This opinion will be unpublished and
may not be cited except as provided by
Minn. Stat. § 480A.08, subd. 3 (1998).


State of Minnesota,


Albert Jones,

Filed November 2, 1999
Kalitowski, Judge

Hennepin County District Court
File No. 93090281

Mike Hatch, Attorney General, 525 Park Street, Suite 500, St. Paul, MN 55103; and

Amy Klobuchar, Hennepin County Attorney, Michael Richardson, Assistant County Attorney, C-2000 Government Center, Minneapolis, MN 55487 (for respondent)

John M. Stuart, State Public Defender, Mark F. Anderson, Assistant State Public Defender, 2829 University Avenue Southeast, Suite 600, Minneapolis, MN 55414 (for appellant)

Considered and decided by Schumacher, Presiding Judge, Randall, Judge, and Kalitowski, Judge.

U N P U B L I S H E D   O P I N I O N


Appellant Albert Jones contends he is entitled to a new trial on the charge of second-degree assault because the district court erred in failing to instruct the jury on the lesser-included offense of fifth-degree assault. We affirm.


"The determination of what, if any, lesser offense to submit to the jury lies within the sound discretion of the trial court." Bellcourt v. State, 390 N.W.2d 269, 273 (Minn. 1986) (citations omitted). Generally,

a defendant who does not request submission or object to the lack of submission of a lesser offense forfeits his right to raise on appeal a claim that the lesser offense should have been submitted.

State v. Morales, 324 N.W.2d 374, 376 (Minn. 1982). See also Minn. R. Crim. P. 26.03, subd. 18(3). An exception to this rule exists where the failure to instruct on the lesser offense constitutes "plain error of a prejudicial nature." State v. Bolte, 530 N.W.2d 191, 199 (Minn. 1995) (citations omitted).

Jones was convicted of second-degree assault in violation of Minn. Stat. § 609.222, subd. 1 (1992), as a result of an incident in a gas station in which he brandished a handgun at a store clerk during an argument and verbally threatened to shoot the clerk through a tray in the bulletproof glass. At trial, Jones denied that he brandished a handgun, and instead testified that the alleged handgun was actually a pair of pliers.

Jones contends that he is entitled to a new trial because the district court did not instruct the jury on the lesser offense of fifth-degree assault. He concedes that he never requested a fifth-degree assault instruction at trial. Jones did request a disorderly conduct instruction, which the district court refused. Jones acknowledges that disorderly conduct is not a lesser-included offense of second-degree assault, but argues that he "should not be penalized because his counsel requested the wrong lesser offense verdict option."

A defendant's waiver of lesser-included offenses can occur either expressly or implicitly by failure to make a proper request. State v. Keenan, 289 Minn. 313, 318, 184 N.W.2d 410, 413 (1971) (citing State v. Jordan, 272 Minn. 84, 86, 136 N.W.2d 601, 604 (1965)). When such a waiver occurs, it is not the function of the appellate court "to second-guess defense counsel's choice of trial strategy, even where, with the benefit of hindsight, that choice seems erroneous." Keenan, 289 Minn. at 319, 184 N.W.2d at 414 (citation omitted).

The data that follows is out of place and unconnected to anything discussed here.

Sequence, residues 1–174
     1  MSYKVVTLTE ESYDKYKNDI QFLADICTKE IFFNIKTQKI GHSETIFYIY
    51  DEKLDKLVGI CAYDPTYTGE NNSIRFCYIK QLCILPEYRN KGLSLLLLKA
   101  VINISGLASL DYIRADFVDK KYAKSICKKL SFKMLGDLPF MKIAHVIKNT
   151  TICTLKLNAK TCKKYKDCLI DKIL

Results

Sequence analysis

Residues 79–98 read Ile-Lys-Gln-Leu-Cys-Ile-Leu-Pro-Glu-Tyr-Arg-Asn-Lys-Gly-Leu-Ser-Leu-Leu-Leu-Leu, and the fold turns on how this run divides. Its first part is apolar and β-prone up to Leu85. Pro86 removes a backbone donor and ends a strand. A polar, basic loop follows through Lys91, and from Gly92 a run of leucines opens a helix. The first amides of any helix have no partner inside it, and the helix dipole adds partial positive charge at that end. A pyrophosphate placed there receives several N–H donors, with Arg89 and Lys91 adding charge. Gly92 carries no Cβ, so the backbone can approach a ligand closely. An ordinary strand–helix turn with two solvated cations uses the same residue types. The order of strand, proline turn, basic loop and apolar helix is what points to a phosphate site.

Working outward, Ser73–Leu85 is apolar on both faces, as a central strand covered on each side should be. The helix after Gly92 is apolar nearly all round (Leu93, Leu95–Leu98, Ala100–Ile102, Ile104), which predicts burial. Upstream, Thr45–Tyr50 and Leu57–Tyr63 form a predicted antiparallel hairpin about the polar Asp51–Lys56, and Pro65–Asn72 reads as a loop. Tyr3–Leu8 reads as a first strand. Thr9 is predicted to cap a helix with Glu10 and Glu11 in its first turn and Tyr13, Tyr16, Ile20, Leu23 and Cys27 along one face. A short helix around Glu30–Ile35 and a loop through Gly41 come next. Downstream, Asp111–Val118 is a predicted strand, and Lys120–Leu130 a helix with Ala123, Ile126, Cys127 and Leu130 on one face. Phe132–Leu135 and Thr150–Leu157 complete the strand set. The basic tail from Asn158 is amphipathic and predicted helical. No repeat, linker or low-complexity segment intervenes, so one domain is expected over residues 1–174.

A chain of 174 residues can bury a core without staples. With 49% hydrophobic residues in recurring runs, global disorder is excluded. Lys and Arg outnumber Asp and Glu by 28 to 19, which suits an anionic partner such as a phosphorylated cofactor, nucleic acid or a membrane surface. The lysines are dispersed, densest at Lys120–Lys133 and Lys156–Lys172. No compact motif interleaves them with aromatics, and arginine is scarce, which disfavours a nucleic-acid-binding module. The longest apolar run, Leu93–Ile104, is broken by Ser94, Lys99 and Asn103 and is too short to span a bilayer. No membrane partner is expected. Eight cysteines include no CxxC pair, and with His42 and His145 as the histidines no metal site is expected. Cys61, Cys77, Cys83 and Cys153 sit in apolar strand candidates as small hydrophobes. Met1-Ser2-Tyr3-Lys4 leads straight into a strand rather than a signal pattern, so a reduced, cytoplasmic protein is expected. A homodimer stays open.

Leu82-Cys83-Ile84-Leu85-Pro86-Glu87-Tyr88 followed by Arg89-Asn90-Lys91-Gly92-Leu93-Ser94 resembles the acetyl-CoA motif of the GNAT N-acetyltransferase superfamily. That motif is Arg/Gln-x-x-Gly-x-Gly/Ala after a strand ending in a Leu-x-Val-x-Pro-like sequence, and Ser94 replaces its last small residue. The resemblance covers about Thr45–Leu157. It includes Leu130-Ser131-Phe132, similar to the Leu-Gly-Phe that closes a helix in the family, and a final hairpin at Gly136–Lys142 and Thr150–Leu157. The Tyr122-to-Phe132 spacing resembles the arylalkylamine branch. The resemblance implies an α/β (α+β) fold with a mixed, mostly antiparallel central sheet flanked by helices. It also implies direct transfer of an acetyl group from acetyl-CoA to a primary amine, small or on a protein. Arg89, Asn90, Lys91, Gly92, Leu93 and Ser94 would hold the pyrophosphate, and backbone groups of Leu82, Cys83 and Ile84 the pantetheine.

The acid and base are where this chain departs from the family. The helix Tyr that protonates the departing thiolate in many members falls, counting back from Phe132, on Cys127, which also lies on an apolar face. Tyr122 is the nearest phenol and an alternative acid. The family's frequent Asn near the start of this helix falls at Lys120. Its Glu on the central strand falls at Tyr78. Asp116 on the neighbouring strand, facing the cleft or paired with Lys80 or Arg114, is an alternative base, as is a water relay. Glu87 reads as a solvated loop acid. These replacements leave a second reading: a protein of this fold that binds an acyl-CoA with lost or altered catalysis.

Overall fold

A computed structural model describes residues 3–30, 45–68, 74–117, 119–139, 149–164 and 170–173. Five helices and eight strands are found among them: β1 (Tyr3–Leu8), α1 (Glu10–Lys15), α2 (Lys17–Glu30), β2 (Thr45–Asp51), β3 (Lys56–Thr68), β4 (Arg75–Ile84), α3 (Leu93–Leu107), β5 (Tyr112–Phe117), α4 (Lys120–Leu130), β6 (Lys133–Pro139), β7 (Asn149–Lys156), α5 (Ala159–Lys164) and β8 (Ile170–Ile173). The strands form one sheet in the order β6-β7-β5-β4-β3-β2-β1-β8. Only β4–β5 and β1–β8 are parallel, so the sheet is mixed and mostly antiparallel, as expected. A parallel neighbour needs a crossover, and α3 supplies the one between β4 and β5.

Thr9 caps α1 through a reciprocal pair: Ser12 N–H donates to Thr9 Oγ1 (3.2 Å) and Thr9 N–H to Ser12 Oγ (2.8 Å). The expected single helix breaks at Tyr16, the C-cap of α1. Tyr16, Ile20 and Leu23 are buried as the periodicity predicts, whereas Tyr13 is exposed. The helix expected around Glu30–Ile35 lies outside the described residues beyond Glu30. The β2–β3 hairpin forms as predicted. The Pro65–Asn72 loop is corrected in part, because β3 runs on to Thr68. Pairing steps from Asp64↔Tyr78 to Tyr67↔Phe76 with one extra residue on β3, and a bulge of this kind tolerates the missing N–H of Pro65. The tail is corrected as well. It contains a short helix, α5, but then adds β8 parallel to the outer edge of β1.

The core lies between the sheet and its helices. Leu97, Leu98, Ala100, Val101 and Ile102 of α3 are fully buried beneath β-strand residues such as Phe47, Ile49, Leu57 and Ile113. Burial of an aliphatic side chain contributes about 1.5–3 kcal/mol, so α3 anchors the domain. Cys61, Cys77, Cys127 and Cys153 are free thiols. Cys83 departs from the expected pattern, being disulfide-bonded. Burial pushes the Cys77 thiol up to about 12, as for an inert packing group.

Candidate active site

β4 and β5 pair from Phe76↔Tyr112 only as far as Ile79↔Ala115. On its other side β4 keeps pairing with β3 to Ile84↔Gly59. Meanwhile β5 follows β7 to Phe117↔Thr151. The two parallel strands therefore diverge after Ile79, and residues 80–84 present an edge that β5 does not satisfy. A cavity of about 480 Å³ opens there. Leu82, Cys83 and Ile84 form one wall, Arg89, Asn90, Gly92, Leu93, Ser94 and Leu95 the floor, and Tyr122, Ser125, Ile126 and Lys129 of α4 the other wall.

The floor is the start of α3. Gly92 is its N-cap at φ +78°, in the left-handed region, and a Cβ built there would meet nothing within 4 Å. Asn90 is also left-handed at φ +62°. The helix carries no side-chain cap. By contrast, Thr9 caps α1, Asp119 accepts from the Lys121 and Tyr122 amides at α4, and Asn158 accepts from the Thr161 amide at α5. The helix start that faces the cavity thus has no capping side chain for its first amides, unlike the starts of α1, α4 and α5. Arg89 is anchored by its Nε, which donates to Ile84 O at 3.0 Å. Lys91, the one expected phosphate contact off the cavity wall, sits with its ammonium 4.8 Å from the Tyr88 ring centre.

Jones's request for a misdemeanor disorderly conduct instruction does not suffice to preserve his appeal of the district court's failure to give, sua sponte, a fifth-degree assault instruction. Jones offers no factual support for his assertion that his failure to request a fifth-degree assault instruction was due to a mistake rather than trial strategy. To the contrary, after conferring with his attorney during the conference on jury instructions, Jones expressly rejected the district court's proposed submission of an instruction on the lesser offense of terroristic threats. He therefore rejected a lesser verdict option that would have allowed the jury to find that he did not have a gun, but still committed unlawfully threatening behavior.

Because Jones did not request a fifth-degree assault instruction, the district court's failure to submit it sua sponte is reversible error only if it constituted plain error of a prejudicial nature, such that there was a reasonable likelihood that it substantially affected the verdict. See State v. Glidden, 455 N.W.2d 744, 747 (Minn. 1990) (citing State v. Shamp, 427 N.W.2d 228, 231 (Minn. 1988)). Jones speculates that the jury could have convicted him of fifth-degree assault if they had come to a different determination about whether he wielded a pair of pliers rather than a handgun. But if the jury accepted his version of the facts it could have acquitted him of second-degree assault pursuant to the instructions it was given. Because Jones provides no evidence indicating the jury was improperly affected by the absence of a fifth-degree assault instruction, or that any prejudice resulted from the district court's instructions as given, we conclude the district court did not commit plain error of a prejudicial nature.

Finally, Jones requests that we remand this case to the district court for consideration of his claim of ineffective assistance of trial counsel. Jones has not otherwise raised or argued the issue in this direct appeal. Without reaching the merits of his claim, we deny his request for remand of the issue as part of this proceeding.